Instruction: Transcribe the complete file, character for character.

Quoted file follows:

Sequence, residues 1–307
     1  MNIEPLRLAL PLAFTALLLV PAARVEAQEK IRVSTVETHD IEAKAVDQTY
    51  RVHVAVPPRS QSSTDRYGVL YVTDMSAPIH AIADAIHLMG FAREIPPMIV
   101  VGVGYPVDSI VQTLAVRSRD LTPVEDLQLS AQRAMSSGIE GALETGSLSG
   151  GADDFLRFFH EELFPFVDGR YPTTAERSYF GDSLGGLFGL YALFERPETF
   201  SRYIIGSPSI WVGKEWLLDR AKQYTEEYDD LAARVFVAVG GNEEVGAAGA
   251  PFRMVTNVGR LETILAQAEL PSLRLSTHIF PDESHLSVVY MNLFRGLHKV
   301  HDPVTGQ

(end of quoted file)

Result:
Sequence, residues 1–307
     1  MNIEPLRLAL PLAFTALLLV PAARVEAQEK IRVSTVETHD IEAKAVDQTY
    51  RVHVAVPPRS QSSTDRYGVL YVTDMSAPIH AIADAIHLMG FAREIPPMIV
   101  VGVGYPVDSI VQTLAVRSRD LTPVEDLQLS AQRAMSSGIE GALETGSLSG
   151  GADDFLRFFH EELFPFVDGR YPTTAERSYF GDSLGGLFGL YALFERPETF
   201  SRYIIGSPSI WVGKEWLLDR AKQYTEEYDD LAARVFVAVG GNEEVGAAGA
   251  PFRMVTNVGR LETILAQAEL PSLRLSTHIF PDESHLSVVY MNLFRGLHKV
   301  HDPVTGQ